An Allstar in 1993. Unfortunately for us (as managers) he was coming towards the end of his career when that team of ’99 was coming to fruition because if he had been three or four years younger he would have been the final piece of that jigsaw. If you put a ball in front of him he had the pace to break out and get it and when he got possession he was strong he couldn’t be de-possessed. He had good hands, he knew where to run and he had great skill.
He had played a bit of soccer and he knew where to run to get the ball that would suit him – he was ahead of his time in that way. One of the best full-forwards Armagh ever had.
15 Peter Loughran (Armagh)
THE best Armagh forward in my time as a player. He was a small guy but he could certainly win his own ball. He could have scored from play and he was a great free-taker.
Many a time in my early days, you would have looked at the scoreboard and Armagh might have had 12 points and Peter would have scored nine or 10 of them. He was the go-to guy and he got most of our scores.
I always remember a game against Galway in the Athletic Grounds, They were playing with the wind in the first half and they were leading 11-1 at half-time. We beat them 13-12 at the finish and Loughran scored 10 points in the second half. That’s the type of player he was.
Oisin McConville (Armagh)
IF Peter Loughran hadn’t been in, he would have got that position. A great player and as he progressed he was able to get on the ball more and more. A superb finisher, if he got a chance for a goal or a point he was able to take it.
Jim McConville (Armagh)
A super footballer. He could win possession, he had an eye for goal and created a lot of scoring opportunities. If the ball was played right to Jim he always got it. He played for Ulster too and scored goals upon goals.
John Grimley (Armagh)
HE could come in at centre half-back. A big, strong guy and another one who’d put the fear of God into opposition attackers.
John Corvan (Armagh)
PROBABLY the most naturally-talented player I ever played with. When he didn’t get on the team it was simply because he came and went. If he played Gaelic Football all his career I think he would have been up there with the superstars of the game. He scored the best goal I have ever seen – a volley from about 25 yards into the top corner against Cork in 1983 in the National League. An extremely talented guy.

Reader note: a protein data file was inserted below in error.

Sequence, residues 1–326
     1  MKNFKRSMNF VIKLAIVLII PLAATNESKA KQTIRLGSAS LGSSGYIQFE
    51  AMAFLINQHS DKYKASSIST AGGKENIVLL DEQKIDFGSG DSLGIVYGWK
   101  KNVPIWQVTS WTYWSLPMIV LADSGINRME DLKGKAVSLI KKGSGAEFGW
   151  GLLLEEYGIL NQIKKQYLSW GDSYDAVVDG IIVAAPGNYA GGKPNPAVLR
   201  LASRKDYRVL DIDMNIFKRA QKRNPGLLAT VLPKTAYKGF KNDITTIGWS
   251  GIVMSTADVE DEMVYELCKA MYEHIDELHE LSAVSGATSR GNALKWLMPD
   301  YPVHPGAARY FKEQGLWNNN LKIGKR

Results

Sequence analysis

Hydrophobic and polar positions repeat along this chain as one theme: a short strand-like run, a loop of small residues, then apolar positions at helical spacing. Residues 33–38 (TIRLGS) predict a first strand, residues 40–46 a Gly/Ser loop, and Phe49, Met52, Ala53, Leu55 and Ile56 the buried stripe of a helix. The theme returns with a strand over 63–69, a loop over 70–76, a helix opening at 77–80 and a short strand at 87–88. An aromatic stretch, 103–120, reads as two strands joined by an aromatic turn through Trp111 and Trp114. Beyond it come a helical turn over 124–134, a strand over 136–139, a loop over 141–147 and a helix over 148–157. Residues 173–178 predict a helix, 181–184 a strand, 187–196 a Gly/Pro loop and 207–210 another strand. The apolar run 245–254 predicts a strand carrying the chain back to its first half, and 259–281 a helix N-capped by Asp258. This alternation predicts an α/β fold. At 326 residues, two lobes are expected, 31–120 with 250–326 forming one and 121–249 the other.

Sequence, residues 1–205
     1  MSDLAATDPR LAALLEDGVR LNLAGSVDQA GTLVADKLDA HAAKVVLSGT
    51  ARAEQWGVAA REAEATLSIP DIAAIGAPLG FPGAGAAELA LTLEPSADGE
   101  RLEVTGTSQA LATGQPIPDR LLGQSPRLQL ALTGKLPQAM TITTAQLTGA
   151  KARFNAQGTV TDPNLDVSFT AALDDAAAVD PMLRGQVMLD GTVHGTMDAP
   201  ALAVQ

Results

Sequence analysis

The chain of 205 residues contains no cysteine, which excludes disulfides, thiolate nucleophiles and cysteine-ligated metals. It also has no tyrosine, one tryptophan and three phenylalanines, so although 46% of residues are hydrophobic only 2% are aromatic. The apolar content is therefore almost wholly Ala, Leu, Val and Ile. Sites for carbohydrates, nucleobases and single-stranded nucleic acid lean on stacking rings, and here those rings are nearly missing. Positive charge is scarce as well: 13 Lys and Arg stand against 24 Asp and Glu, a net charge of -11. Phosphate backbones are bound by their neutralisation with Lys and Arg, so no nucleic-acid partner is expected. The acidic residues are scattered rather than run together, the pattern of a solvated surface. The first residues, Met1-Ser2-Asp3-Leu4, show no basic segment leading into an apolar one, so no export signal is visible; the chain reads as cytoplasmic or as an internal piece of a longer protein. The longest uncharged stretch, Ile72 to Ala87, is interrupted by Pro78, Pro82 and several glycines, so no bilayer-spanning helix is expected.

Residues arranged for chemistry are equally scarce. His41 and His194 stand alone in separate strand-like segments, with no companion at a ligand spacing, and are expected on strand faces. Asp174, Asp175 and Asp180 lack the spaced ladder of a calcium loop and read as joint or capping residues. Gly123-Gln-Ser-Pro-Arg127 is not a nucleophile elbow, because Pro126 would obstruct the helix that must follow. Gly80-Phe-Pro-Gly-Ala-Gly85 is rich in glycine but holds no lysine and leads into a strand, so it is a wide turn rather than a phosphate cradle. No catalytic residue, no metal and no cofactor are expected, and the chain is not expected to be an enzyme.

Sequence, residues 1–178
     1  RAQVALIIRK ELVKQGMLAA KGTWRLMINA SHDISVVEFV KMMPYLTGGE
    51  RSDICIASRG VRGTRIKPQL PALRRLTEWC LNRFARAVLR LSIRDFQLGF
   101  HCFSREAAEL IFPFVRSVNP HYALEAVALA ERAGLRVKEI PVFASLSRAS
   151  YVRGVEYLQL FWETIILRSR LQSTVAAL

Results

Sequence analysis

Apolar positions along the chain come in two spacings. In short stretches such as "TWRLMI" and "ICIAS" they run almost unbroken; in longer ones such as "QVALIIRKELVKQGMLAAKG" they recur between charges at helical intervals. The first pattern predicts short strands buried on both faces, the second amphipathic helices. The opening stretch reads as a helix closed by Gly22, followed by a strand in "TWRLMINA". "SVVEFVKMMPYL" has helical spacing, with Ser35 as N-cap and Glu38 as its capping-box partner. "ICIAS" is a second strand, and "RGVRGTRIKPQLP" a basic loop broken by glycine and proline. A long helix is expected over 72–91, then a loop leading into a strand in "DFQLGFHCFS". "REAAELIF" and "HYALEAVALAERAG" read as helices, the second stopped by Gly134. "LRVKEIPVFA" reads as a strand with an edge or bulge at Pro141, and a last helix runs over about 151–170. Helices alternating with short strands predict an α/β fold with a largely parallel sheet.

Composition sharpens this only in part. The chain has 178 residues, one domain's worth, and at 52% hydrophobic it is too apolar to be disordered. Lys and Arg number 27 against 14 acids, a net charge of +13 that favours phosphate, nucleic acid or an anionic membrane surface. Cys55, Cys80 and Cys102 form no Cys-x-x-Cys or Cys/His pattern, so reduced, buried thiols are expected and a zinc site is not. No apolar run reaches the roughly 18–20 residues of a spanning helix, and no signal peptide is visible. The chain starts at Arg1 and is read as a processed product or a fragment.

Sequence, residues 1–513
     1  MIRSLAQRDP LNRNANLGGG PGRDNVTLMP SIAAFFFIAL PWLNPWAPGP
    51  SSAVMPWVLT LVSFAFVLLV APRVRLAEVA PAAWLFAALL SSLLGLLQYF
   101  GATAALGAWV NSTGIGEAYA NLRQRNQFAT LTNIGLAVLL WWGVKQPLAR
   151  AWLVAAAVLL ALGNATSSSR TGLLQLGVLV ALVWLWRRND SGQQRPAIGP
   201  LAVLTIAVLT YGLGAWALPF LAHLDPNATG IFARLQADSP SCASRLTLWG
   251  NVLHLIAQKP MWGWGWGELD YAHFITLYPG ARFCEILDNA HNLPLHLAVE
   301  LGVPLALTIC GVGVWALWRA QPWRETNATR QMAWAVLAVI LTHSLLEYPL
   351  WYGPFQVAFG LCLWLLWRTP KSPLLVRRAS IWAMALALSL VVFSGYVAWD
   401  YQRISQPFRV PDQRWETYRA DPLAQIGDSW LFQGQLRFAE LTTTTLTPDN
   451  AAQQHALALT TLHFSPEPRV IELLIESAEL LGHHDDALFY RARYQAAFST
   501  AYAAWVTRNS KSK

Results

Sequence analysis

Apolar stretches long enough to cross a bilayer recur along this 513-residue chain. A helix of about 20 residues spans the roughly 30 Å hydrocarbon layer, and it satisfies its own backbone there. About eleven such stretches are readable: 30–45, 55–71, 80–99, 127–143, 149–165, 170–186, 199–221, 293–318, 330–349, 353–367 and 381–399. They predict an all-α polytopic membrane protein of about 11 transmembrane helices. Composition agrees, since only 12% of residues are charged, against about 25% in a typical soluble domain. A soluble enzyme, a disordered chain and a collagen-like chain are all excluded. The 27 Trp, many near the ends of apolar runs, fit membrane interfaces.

Kieran McNally (Armagh)
FROM St Paul’s in Lurgan. A very talented centre half-back. A very imposing figure who was afraid of nothing or nobody. He got his hands on a lot of ball.
Stevie McDonnell (Armagh)
I remember him coming into the panel when he was only a young fella. He was light but you could see the natural ability there and he wanted to work at it which was a big thing. He worked hard and he worked on the physical side of his game. He was two-footed and became one of Armagh’s great footballers over the years.
I WAS involved at senior level with Armagh for 20 years between management and playing. I played for 14 years and then managed for six so I saw a lot of very good players coming into the team. Plus I played for Jordanstown as well and four of us went on to play for Ulster one year which shows you the level that team was at. Eugene Young, Kevin McCabe, James McAfee… It was a super team and I could have picked any of those as well.
I came into the Armagh panel in 1978 so I played with the boys who had got to the All-Ireland final in 1977 and when they retired in the early 1980s you had the likes of Martin McQuillan, Neil Smyth and the Grimleys coming in during the mid-’80s.
I tried to balance it between the team I managed and the guys I played along with.